- Regular breaks for sensory activities are helpful in preventing outbursts. Allow your child to have a stress ball, or silly putty for tactile and proprioceptive input. Take movement breaks to do proprioceptive input activities like some of these whole body movements.
- Occupational Therapists are now commonly recommending sensory “snacks” instead of sensory “meals” – This means spending 5 minutes, once an hour, doing a full body activity. Instead of spending 30 minutes a couple times a day doing activities. Short but frequent intervals is more effective.
3. Plan Your Schedule and Practice Your Exit Strategy
- Children with autism prefer to have a planned schedule rather than continual surprises throughout the day. Create a schedule so your child knows what to expect – this could be visuals, or a written list, depending on the individual.
- Have a pre-planned signal your child can give you to communicate that they are in a tense or stressful situation. This takes a lot of practice but once successful this can be used so you can intervene before the situation escalates.
Trigger – Be Proactive
When the trigger has occurred, your child is no longer in their calm state. This is the point when you must recognize the trigger occurred and begin supporting non-escalating behaviour. If you recognize and intervene at the trigger, there’s an 80-90% chance you can prevent the situation from escalating.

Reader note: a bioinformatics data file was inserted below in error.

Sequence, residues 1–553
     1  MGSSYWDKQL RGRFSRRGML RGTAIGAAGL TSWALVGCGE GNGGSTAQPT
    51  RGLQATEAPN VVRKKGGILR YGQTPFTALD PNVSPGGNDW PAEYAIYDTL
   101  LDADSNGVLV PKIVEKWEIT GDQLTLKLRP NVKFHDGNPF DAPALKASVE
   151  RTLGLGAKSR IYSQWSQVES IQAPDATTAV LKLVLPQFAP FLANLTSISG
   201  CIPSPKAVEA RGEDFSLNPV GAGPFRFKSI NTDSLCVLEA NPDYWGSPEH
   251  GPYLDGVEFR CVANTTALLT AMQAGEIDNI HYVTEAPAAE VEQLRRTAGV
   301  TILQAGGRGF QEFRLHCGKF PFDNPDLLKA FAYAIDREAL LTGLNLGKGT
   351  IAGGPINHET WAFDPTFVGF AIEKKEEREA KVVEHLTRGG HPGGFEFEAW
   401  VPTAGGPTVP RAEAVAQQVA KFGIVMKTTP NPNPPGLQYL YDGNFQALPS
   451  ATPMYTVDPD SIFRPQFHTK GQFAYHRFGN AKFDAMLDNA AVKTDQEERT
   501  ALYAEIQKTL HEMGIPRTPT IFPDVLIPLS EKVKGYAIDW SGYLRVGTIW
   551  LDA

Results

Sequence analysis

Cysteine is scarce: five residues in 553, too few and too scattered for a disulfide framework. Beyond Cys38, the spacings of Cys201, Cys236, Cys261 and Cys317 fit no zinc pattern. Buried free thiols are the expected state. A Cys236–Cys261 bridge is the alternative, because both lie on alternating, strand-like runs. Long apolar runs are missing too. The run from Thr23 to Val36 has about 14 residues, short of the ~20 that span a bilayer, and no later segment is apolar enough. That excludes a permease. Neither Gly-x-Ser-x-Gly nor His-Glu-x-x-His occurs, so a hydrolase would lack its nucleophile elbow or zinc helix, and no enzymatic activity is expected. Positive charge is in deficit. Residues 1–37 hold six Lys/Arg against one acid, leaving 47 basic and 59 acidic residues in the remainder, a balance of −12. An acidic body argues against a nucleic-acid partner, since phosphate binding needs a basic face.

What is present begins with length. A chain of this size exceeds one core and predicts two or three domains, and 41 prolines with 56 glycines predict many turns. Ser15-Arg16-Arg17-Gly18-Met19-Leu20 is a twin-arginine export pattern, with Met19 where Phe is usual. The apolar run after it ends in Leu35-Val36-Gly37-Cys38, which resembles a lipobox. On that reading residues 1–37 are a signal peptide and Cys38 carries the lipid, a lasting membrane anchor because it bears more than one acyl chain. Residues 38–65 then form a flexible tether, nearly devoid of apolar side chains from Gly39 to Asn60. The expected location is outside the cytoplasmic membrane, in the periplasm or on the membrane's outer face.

- Repeated failures or frustrations – being expected to do things they can’t do
- Low rate of positive reinforcement
- Unexpected event – sudden change from routine
- External sensory issue – lights, noise, smells, etc
- Internal issue – hunger, thirst, tired, feeling sick, in pain, etc.
- Changes in body language
- Physiological changes such as redness in face/ears
- Tensing up
- Pacing, unable to sit still
- Scratching/picking, etc.
- Change in tone of voice
You must watch for cues and recognize the trigger before their frustration overflows and escalates to a meltdown. These cues may be subtle and require a keen eye to notice. Children have their own unique cues and you will know what your child’s are better than anybody else.
After a trigger, focus on intervention and redirection in order to be supportive of non-escalating behaviour and preventing outbursts.
What To Do
After you’ve noticed warning cues and identified the trigger, you need to intervene. Consider some of the following interventions to support non-escalation:
1. Remove or modify the trigger
If the trigger is sensory related, modify the environment or accommodate the child. You may need to give your child a fidget to use, or have a movement break. Movement helps us get our senses back to the “just right” zone necessary for calm. A change of environment may be needed, or a redirection to a preferred activity.
2. Increase Opportunities for Success
If your child is feeling frustrated after repeated failures – give them an opportunity to be successful. Ask them to do a task you know they can do and increase the amount of positive reinforcement you are using. The positivity can ease some of your child’s frustration and help them feel calm again.
3. Create a Break Box